Icing of Biscuits

A small but significant number of biscuit products are half coated with icing. This adds visual appeal, particularly for children, and being dry and hard does not become messy when handled or in warm weather.

Icing is applied to the biscuit as a thick aqueous suspension. It is usually coloured and may be flavoured, although this is usually very mild. After application the coating is dried. The result is a hard glossy finish which greatly enhances the appearance if not also the eating qualities of the biscuit.

Methods of apply icing

The drying process is slow so it is unusual to have biscuit icing as an in-line secondary process. A drying tunnel would have to be very long to accommodate even a short biscuit oven. The exception is where the amount of icing applied is very small. In these cases icing can be applied immediately after baking while the biscuits are still hot and the heat from the cooling biscuits will be enough to dry the icing.

Normally biscuits to be half coated or "iced" are magazine fed. Typically a flat icing is applied as a fluid coating on the underside of the biscuit only, like half coated chocolate biscuits, or it is stencilled on in a more or less distinct shape. In other cases icing is applied only on the raised parts on the top of biscuits, to highlight the patterns. If an aerated icing mixture is used it is possible to pipe (deposit) the icing in which case deposits with high relief can be produced.

Many other techniques have been used such as contact icing (where a coated roller deposits only on the points of the biscuit that it touches), wire cut deposits by using modified sandwich creaming machines, spraying to producing more of a glaze than an icing and screen printing. These systems are rather specialised and have usually been developed by innovative plant engineers in individual factories.

Our principle concern here is with the normal icing technique, usually of a short dough biscuits.

The most usual method of coating biscuits with flat icing is with an arrangement very similar to a chocolate enrober for half coating. Biscuits are fed onto an open wire mesh conveyor or onto a system of fine ropes of nylon or cotton which is drawn through a bed of icing mixture so that the base and edges of the biscuit are coated. The biscuits are then turned over as they leave the icing machine so that the icing may be dried.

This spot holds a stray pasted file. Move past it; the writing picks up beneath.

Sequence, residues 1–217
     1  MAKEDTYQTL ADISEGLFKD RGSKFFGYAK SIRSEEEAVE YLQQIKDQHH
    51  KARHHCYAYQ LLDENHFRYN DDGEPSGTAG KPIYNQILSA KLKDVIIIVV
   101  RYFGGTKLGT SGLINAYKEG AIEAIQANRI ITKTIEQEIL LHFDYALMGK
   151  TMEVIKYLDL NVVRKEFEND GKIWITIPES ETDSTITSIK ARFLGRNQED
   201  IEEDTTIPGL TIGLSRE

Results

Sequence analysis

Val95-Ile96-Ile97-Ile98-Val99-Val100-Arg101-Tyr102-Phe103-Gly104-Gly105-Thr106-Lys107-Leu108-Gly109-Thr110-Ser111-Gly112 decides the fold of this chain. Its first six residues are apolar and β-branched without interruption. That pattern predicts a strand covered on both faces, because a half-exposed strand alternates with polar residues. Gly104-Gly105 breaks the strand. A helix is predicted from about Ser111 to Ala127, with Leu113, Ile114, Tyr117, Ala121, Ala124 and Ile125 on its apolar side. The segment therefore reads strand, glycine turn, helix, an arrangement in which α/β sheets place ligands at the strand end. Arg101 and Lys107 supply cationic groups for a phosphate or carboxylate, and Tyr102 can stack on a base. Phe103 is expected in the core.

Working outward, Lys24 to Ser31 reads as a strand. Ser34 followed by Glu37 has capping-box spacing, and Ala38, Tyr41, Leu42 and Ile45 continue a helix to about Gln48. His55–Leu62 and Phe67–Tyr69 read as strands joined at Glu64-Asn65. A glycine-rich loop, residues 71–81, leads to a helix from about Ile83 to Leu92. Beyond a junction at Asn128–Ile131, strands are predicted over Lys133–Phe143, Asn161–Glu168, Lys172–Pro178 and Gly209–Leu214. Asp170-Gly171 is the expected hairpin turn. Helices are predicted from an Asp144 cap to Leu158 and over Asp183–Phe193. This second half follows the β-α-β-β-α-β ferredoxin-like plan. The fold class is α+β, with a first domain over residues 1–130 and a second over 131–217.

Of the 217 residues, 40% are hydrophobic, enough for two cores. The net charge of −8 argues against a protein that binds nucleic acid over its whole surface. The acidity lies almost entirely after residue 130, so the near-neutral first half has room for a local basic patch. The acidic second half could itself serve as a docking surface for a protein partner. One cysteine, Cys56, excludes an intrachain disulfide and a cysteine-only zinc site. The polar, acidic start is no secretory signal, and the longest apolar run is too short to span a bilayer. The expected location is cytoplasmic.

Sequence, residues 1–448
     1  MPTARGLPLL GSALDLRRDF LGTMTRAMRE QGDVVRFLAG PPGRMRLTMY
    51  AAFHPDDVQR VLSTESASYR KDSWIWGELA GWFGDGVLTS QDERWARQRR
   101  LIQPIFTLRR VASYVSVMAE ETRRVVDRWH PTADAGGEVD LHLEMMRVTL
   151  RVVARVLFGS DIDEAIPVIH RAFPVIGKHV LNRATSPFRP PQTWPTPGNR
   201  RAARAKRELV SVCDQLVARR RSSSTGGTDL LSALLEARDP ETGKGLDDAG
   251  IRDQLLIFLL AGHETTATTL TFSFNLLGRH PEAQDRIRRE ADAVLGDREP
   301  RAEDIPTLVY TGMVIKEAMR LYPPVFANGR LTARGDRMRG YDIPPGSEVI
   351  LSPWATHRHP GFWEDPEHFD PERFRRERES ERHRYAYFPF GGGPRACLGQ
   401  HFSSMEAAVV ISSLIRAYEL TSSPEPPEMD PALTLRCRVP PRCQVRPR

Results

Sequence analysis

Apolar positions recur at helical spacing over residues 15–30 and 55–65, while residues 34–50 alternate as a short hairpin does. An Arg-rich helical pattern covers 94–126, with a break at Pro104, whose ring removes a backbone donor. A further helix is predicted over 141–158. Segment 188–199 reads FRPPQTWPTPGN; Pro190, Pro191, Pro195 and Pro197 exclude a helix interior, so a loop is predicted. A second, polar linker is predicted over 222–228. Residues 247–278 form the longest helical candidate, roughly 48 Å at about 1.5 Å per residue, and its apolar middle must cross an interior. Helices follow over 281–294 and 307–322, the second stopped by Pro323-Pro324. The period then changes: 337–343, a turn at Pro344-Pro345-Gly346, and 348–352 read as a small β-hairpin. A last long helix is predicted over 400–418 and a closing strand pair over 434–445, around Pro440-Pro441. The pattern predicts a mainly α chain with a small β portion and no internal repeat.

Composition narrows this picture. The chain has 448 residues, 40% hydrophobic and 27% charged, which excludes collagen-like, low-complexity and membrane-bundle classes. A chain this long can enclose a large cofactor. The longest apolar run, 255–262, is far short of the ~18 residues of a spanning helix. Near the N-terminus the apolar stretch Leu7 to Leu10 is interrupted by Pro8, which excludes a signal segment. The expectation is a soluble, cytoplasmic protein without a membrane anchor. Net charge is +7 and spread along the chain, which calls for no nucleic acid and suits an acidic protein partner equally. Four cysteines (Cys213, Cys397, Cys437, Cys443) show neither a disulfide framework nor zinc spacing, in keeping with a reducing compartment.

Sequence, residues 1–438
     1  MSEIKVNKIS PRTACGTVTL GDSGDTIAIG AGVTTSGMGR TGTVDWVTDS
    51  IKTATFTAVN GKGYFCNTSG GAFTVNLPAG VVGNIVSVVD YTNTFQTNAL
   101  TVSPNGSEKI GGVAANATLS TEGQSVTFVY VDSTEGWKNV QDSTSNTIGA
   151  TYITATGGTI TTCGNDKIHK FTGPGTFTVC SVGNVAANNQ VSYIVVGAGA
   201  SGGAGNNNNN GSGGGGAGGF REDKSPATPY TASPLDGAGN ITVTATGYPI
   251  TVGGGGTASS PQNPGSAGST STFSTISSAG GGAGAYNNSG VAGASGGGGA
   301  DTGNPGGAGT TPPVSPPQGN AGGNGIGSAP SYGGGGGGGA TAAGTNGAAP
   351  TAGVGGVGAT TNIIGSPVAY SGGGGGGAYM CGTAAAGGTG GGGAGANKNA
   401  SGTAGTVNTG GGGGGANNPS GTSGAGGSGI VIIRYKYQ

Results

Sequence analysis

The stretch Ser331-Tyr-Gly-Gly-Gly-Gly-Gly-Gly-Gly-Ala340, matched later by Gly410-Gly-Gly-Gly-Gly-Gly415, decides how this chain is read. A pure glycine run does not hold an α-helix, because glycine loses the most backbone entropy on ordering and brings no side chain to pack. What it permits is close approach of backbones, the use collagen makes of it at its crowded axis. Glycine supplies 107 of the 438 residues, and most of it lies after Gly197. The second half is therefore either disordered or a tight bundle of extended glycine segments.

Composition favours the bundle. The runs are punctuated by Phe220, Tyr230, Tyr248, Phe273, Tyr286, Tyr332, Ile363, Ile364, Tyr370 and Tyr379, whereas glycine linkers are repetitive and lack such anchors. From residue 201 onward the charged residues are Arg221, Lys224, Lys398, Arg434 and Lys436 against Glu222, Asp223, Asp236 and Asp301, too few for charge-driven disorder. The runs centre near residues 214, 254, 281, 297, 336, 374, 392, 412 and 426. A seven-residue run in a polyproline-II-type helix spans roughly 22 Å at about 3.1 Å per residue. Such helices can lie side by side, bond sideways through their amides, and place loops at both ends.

If a stencilling arrangement is used, similar to that described for biscuit creams, it is not necessary to invert the biscuits after application of the icing and it is also possible to apply more than one colour at once in the form of stripes. These coatings then may be further decorated with fine lines of icing trickled over the surface or drawn into simple patterns with reciprocated wire fingers.

All flat icings are rather fluid and sticky so care is needed to make sure that the biscuit conveyors do not become soiled resulting in patches of icing adhering in the wrong places.

A double icing technique, where a flat coat is dried and then a further deposit is stencilled on in a fine pattern, allows the production of intricate designs of animals, flowers, letters, words or even company insignia. However, it will be appreciated that as this involves a double drying operation, the whole production process is rather long.

There are not many biscuits with piped icing deposits but Iced Gems (very small round hard sweet biscuits with a large deposit of icing in various colours) is a well known traditional variety which is very popular with children. Because the biscuits are small and relatively light they must be held down, usually by air suction, after they have been rowed up for presentation to the icing deposit nozzles. Several different colours are deposited at once so that the biscuits, after drying, can be collected together en masse and jumble packed as a variety.

Composition of the icing

The icing is simply a suspension of very fine icing sugar in water with some gelling material, such as gelatin, pectin or egg albumen, to give it some "body" and increased viscosity. For flat icings gelatin is normally used. The gelatin should be used at about 1% of the sugar weight, but the quantity is related to the water needed to give the icing the correct viscosity for the machine used for coating or depositing. Low bloom strength gelatin gives icing that is more tolerant to processing variables.

Drying of the icing

Biscuits are very hygroscopic and uptake of moisture softens them (the major cause of staling) and causes them to expand. When a water based material is added, as when they are iced, it is essential that drying proceeds without delay so that moisture penetration is minimal and dimensional changes do not cause cracking in the icing at the later stages in drying.